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The Boston Globe

Obituaries

Eddie Yost, infielder; coached Mets, Sox

Eddie Yost (left) with Mets rookie Wayne Garrett in 1969.

New York Times

Eddie Yost (left) with Mets rookie Wayne Garrett in 1969.

NEW YORK — Eddie Yost, a durable and reliable third baseman for three American League teams whose penchant for garnering bases on balls earned him the nickname the Walking Man, died Tuesday in Weston, Mass.

He was 86.

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The death was confirmed by his daughter Felita Yost Carr, who said her father had heart problems.

Mr. Yost made his major league debut with the Washington Senators in 1944, when he was 17, and never played in the minor leagues.

Fourteen of his 18 big-league seasons were spent with the lowly Senators, who finished as high as fourth just once while he was playing for them.

He was, however, a stalwart, playing in 829 consecutive games from August 1949 to May 1955, still the ninth- ­longest streak in baseball history.

He was the sort of pesky player who gave more powerful teams fits; in the early 1950s, the New York Yankees were known to covet him, though they never managed to pry him away in a trade. Casey ­Stengel, the Yankee manager, selected Mr. Yost for the 1952 All-Star Game, his only such honor, even though Mr. Yost was in the midst of a season in which he hit just .233.

“Every time I look up, that feller is on base,’’ Stengel said.

Indeed, Mr. Yost’s forte was getting on base, especially by way of the walk.

A student of opposing pitchers, he had a keen eye, a precise sense of the strike zone, and the deft bat control to spoil good pitchers’ pitches by fouling them off.

In one game, in 1953, he fouled off a total of 20 pitches in two consecutive at bats.

Mr. Yost led the American League in walks six times, and though he was a below-average hitter, his on-base percentage was over .400, a stellar figure, in nine different seasons. He led the league in that category twice.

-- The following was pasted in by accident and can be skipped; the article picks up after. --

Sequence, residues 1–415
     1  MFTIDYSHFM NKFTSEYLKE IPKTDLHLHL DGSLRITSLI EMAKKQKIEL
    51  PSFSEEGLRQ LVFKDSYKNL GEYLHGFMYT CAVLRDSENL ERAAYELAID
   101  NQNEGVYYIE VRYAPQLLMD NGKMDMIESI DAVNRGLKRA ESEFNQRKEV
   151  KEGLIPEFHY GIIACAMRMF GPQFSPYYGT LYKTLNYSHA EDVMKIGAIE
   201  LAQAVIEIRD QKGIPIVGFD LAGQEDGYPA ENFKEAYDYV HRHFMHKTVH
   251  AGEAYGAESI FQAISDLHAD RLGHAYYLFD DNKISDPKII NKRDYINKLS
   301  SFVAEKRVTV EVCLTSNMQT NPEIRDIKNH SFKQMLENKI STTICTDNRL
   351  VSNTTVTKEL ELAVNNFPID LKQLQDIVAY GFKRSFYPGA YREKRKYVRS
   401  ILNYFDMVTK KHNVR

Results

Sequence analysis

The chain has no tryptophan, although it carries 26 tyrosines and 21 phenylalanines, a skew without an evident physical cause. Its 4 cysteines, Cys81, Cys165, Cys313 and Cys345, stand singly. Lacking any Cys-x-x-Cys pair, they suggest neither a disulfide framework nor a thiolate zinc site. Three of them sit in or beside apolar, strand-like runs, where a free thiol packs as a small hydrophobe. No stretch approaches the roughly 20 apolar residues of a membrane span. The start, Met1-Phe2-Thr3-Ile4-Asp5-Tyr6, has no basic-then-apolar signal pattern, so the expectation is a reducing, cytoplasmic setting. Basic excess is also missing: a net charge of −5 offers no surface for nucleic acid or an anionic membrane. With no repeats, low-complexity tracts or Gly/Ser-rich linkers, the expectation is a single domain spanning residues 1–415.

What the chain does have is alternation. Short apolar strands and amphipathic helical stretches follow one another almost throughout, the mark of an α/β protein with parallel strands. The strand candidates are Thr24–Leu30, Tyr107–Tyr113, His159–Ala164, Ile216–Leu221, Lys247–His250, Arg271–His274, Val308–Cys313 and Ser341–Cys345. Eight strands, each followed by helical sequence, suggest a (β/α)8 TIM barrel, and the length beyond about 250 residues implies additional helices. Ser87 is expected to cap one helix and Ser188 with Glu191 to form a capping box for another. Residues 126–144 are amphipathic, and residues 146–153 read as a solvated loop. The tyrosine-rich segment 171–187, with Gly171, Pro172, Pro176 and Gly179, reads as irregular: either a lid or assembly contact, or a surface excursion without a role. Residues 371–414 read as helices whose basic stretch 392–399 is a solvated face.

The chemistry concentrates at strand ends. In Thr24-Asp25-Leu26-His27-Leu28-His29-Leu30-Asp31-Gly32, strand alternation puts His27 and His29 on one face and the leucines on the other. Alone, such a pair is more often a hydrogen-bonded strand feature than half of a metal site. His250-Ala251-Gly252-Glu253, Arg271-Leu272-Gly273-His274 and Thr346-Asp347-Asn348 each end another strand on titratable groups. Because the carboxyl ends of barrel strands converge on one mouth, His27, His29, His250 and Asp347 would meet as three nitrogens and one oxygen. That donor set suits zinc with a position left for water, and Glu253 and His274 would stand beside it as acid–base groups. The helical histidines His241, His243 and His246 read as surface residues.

He also had some power, hitting 139 home runs, despite playing most of his home games in ­Washington’s notoriously spacious Griffith Stadium.

If Mr. Yost had played a few decades later, in the ‘‘Moneyball’’ era, when the ability to get on base ­became a more valued quality, he might have achieved greater fame. For his career he batted just .254, but his on-base percentage was .394, higher than that of a long list of current or future Hall of Famers, including Frank Robinson (.389), Tony Gwynn (.388), Willie Mays (.384), and Derek Jeter (.382).

Edward Frederick Yost was born in Brooklyn on Oct. 13, 1926, and grew up in Queens. His father, Frederick, was a typesetter for a printing company. Edward went to John Adams High School in Queens and entered New York University, where as a freshman he played basketball and baseball.

In summer 1944, he had tryouts with the Red Sox as well as the Senators, who signed him and had him playing in seven games for the team before his 18th birthday.

During the off-season he joined the US Navy, serving 18 months in the United States as World War II came to an end.

He would later finish his studies at NYU, attending classes during the off-season and earning a bachelor’s degree from the school of education in 1951.

When he returned to the Senators in 1946, they wanted to send him to the minors to hone his skills, but a provision of the GI Bill that guaranteed a returning serviceman the job he left behind forced the Senators to keep him.

Mr. Yost was actually in favor of going to the minors, believing that he was not yet ready for the big leagues, and he wrote to the commissioner of baseball, Happy Chandler, offering to waive his right to stay with the Senators. Chandler, however, kept him where he was, evidently wary of setting a precedent.

Mr. Yost played in only eight games for the Senators in 1946, but by the middle of the following season he was the regular third baseman.

He finished his career playing two seasons for the Detroit Tigers and two more for an expansion team, the Los Angeles Angels.

While with Detroit, he met his wife, the former Patricia Healy, who worked in public relations for the club. She died in 2007.

In addition to his daughter Felita, he leaves another daughter, Alexis Yost Fougere; a son, Michael; a sister, Rosemary Huebner; and two grandchildren. In his later years, he lived in Wellesley Hills, Mass., where he restored antique carousel horses.

When his playing days were done, Mr. Yost spent more than two decades as a coach, first for the expan­sion Washington Senators (the original Senators had moved to Minnesota and became the Twins) and later for the Boston Red Sox. In between, from 1968 to 1976, he coached third base for the Mets, not far from where he grew up. In 1969, the so-called Miracle Mets unexpectedly won the World Series, Mr. Yost’s only taste of a championship.

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